A Fast DNA® soil DNA Kit (MP Biomedicals, Santa Ana, CA, USA) was used to extract the total microbial DNA from 60 rumen fluid samples according to the manufacturer’s instructions. DNA purity and concentration were detected with a NanoDrop2000 UV-vis spectrophotometer (Thermo Scientific, Wilmington, DE, USA), and DNA integrity was assessed with 1% agarose gel electrophoresis. The following amplification primers for 16 rRNA (V3 + V4) were used: 341F: 5′CCTAYGGGGBGCASCAG3′; 806R: 3′GGACTACNNGGGTATCTAAT5′. The PCR amplification of the 16S rRNA gene is shown in Table A2, and the PCR system is shown in Table A3. The PCR product was extracted from 2% agarose gel and purified using an AxyPrep DNA Gel Extraction Kit (Axygen Biosciences, Union City, CA, USA) according to the manufacturer’s instructions and quantified using a Quantus™ Fluorometer (Promega, Madison, WI, USA). Sequencing was conducted on a MiSeq PE300 platform (Illumina, San Diego, CA, USA) according to the standard protocols of Majorbio Bio-Pharm Technology Co., Ltd. (Shanghai, China). The raw reads were deposited into the NCBI Sequence Read Archive (SRA) database (PRJNA846357).

2.4.5. Processing of Sequencing Data

Raw sequencing data were merged using the sliding window method and paired using FLASH (version 1.2.11, (accessed on 27 September 2021)) on the basis of overlapping bases. The allowed mismatches of barcode and primer mismatch were 0 and 2, respectively. UPARSE software (version 7.0.1090, (accessed on 9 October 2021)) was used to perform operational taxonomic unit (OTU) sequence clustering, and their relative abundances were used to calculate rarefaction curves and values of the Shannon Diversity Index using UPARSE version 7.1 ( (accessed on 8 November 2021)). The ribosomal database project (RDP) classifier ( (accessed on 8 November 2021)) was used to classify and annotate each sequence through comparison to Silva (Release132, (accessed on 8 November 2021)) with a comparison threshold of 70% [26]. Alpha diversity analysis that included the Sobs, Shannon, Ace and Coverage indices at the OTU level was conducted using Mothur software (version 1.30.2, (accessed on 8 November 2021)). The beta diversity analysis and the principal coordinates analysis (PCoA) was analyzed at the OTU level with the distance algorithm of weighted normalized UniFrac. The differential bacteria were analyzed using the linear discriminant analysis effect size (LEfSe) software (¼lefse_Upload (accessed on 8 November 2021)). Bar plots and non-metric multidimensional scaling (NMDS) were generated using R software.

2.5. Statistical Analysis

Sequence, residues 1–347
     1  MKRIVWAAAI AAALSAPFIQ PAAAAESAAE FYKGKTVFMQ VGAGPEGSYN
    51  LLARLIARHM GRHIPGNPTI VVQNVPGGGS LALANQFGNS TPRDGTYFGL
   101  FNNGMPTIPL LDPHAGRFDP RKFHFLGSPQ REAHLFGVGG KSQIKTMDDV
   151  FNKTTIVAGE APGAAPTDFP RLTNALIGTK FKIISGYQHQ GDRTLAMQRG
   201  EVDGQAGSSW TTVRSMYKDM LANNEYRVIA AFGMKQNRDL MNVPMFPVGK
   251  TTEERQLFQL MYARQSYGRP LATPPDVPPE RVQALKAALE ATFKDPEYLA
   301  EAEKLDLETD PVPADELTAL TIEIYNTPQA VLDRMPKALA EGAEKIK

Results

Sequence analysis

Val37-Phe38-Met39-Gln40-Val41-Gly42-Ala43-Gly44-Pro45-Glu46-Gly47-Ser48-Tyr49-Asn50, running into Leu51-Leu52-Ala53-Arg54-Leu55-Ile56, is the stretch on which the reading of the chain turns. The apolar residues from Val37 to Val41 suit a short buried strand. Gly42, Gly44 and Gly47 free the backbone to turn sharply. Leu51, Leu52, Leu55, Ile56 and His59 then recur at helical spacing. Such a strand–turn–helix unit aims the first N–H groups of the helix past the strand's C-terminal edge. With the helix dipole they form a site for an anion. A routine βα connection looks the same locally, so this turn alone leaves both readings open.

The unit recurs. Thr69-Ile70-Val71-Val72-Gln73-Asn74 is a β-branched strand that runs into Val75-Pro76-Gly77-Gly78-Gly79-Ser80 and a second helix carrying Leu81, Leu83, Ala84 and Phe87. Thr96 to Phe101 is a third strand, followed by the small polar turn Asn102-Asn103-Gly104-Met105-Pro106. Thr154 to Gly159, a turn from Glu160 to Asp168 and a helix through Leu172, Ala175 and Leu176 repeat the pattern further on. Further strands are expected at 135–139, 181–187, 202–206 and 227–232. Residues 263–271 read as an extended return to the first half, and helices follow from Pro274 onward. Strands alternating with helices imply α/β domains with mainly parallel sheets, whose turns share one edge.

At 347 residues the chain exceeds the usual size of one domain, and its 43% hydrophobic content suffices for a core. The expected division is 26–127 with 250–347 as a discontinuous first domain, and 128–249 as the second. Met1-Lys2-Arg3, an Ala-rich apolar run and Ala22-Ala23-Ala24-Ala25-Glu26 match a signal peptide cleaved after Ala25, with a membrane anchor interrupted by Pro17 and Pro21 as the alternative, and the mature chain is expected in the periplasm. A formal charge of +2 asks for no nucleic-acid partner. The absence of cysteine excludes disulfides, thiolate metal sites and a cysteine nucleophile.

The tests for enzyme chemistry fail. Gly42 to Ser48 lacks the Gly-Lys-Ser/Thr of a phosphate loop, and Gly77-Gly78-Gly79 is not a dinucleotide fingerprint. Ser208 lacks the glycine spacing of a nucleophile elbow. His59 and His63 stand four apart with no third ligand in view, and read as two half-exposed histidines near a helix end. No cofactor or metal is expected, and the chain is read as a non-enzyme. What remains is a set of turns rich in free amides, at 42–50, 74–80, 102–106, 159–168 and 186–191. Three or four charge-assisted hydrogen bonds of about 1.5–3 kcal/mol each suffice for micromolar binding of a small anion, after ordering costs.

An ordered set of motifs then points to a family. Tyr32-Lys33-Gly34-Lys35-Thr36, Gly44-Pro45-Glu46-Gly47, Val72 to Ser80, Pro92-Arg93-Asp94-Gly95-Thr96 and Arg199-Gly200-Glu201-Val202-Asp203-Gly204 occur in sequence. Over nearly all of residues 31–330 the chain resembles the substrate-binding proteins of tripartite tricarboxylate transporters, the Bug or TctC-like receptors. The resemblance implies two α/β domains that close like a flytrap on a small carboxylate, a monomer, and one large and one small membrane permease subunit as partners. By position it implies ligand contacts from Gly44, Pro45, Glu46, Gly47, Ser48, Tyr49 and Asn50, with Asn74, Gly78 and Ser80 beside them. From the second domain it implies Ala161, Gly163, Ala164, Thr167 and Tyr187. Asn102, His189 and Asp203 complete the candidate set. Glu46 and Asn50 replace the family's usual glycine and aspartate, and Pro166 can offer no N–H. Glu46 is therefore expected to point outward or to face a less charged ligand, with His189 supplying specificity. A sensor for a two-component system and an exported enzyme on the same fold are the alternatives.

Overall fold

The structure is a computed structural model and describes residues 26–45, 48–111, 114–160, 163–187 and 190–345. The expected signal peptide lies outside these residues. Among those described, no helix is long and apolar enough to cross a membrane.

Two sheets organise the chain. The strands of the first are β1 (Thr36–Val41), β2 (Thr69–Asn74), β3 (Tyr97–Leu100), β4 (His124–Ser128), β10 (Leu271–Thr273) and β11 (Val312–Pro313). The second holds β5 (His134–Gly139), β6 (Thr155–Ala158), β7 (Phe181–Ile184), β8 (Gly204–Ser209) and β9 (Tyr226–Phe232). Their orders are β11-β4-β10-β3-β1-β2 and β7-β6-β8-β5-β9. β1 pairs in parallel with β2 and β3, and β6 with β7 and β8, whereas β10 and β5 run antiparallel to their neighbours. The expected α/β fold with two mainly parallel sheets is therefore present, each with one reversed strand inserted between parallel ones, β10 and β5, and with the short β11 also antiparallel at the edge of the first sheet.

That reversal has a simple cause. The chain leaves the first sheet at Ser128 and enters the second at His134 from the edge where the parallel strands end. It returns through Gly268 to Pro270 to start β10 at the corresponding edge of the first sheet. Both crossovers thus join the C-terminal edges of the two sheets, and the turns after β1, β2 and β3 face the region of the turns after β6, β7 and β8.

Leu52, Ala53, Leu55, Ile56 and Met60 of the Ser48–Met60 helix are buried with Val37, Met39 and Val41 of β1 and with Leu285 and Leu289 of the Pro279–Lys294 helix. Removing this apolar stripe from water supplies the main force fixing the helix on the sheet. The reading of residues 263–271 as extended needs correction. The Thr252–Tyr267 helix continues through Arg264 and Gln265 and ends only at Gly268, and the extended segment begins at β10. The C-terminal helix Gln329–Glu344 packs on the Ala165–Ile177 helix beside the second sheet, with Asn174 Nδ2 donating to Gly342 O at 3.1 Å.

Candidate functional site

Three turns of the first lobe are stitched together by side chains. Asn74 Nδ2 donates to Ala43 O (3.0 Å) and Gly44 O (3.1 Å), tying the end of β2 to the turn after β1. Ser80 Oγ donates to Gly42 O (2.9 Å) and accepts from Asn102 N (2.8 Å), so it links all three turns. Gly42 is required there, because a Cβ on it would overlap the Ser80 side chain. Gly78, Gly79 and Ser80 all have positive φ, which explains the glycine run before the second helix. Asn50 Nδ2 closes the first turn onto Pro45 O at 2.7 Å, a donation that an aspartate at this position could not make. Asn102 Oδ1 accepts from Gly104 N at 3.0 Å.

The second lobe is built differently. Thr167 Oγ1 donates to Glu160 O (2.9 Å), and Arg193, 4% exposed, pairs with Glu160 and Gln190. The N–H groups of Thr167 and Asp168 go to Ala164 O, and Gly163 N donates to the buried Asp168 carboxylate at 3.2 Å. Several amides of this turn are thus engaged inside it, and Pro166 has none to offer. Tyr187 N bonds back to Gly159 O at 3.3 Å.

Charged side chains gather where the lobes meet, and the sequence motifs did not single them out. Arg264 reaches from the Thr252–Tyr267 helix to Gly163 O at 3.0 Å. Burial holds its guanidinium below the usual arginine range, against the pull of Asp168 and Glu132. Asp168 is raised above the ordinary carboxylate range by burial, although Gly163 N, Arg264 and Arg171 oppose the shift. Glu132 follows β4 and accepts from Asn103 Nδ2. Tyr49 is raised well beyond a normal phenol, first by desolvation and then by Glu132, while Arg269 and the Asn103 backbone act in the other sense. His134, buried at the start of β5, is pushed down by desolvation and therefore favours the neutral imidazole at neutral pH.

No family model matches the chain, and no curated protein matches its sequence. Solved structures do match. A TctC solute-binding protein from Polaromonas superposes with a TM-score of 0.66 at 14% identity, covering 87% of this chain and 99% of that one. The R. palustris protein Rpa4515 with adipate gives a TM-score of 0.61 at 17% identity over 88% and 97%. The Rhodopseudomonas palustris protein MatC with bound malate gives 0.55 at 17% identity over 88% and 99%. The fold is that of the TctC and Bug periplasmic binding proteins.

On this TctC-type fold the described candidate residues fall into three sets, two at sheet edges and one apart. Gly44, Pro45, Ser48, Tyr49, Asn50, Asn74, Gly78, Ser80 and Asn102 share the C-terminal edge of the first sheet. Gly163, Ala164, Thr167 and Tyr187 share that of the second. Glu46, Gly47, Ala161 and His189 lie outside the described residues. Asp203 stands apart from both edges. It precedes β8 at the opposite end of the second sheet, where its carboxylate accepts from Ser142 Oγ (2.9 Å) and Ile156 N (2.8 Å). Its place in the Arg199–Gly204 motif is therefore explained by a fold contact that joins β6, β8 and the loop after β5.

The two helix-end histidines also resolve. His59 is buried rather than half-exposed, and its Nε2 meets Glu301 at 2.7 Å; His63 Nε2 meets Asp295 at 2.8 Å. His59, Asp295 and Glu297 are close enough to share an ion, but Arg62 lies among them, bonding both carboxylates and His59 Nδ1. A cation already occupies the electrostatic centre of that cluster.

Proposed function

Data for each feeding stage were analyzed using the MIXED procedure of the Statistical Analysis System Institute [27]. Ruminal antioxidant capacity, rumen fermentation, and GAA metabolism were analyzed. The model was applied as follows:
Y i j k = μ + G i + F j + ( G × F ) i j + R k + e i j k
where Yijk is the dependent variable, µ is the overall mean, Gi is the fixed effect of GAA products (i = 3: control, uncoated GAA, coated GAA), Fj is the fixed effect of total mixed ration type with different forage types (OH and OHWS), and G × F is the interaction of GAA and ration type. Rk is the random effect of animals (k = 12 per treatment) or pens (k = 3 per treatment), and eijk is the residual error term. The least squares means and standard errors of the means were calculated using the LSMEANS statement of the SAS software. Significance was declared at p ≤ 0.05, unless otherwise noted.

3. Results

3.1. Rumen Fermentation

At stage 1, interaction between forage type and GAA addition was found for the total VFA, acetate, and A:P (Table 1). UGAA and CGAA addition in the OH group increased the total VFA (p < 0.05), whereas only CGAA addition increased the total VFA in OHWS group (p < 0.05). The UGAA supplementation in the OH group increased the acetate proportion and decreased the A:P (p < 0.05), whereas there was no difference in the OHWS group (p > 0.05). Similarly, no difference was observed for rumen fermentation parameters with the two forage types (p > 0.05). Both UGAA and CGAA increased the content of total VFA (p < 0.001), A:P (p = 0.011), NH3-N (p = 0.025), and MCP (p = 0.015), but decreased the propionate proportion (p = 0.009) and pH value (p = 0.023). The addition of CGAA to the OH diet increased the butyrate proportion compared to the UGAA and control (p < 0.05).
At stage 2, the significant Forage × GAA interaction was observed on total VFA, acetate, and A:P. Dietary UGAA and CGAA addition in the OH group increased the total VFA (p < 0.05) and A:P (p < 0.05), but this phenomenon did not occur in the OHWS group. However, UGAA and CGAA decreased the acetate proportion in the OHWS group, and there was no change in the OH group. Compared to the OHWS diet, the lambs fed the OH diet had lower total VFA (p = 0.018). The concentration of total VFA (p < 0.001) and percentage of butyrate (p = 0.008) and MCP (p = 0.011) were higher with the addition of UGAA or CGAA, and the pH value showed a tendency to decrease (p = 0.082). The other indicators did not alter in response to the addition of GAA.

3.2. Ruminal GAA, Creatine, ATP, and Related Metabolic Enzymes

As shown in Table 2, the forage × GAA interaction was not significant for GAA, creatine, ATP, and related metabolic enzymes at stage 1 and stage 2.
At stage 1, no difference was observed for ruminal GAA, creatine, GAMT and AGAT in the two forage types (p > 0.05). UGAA or CGAA addition increased GAA (p < 0.001), GAMT (p = 0.002), and ATP (p = 0.014) but decreased AGAT (p = 0.025) activity compared to the control.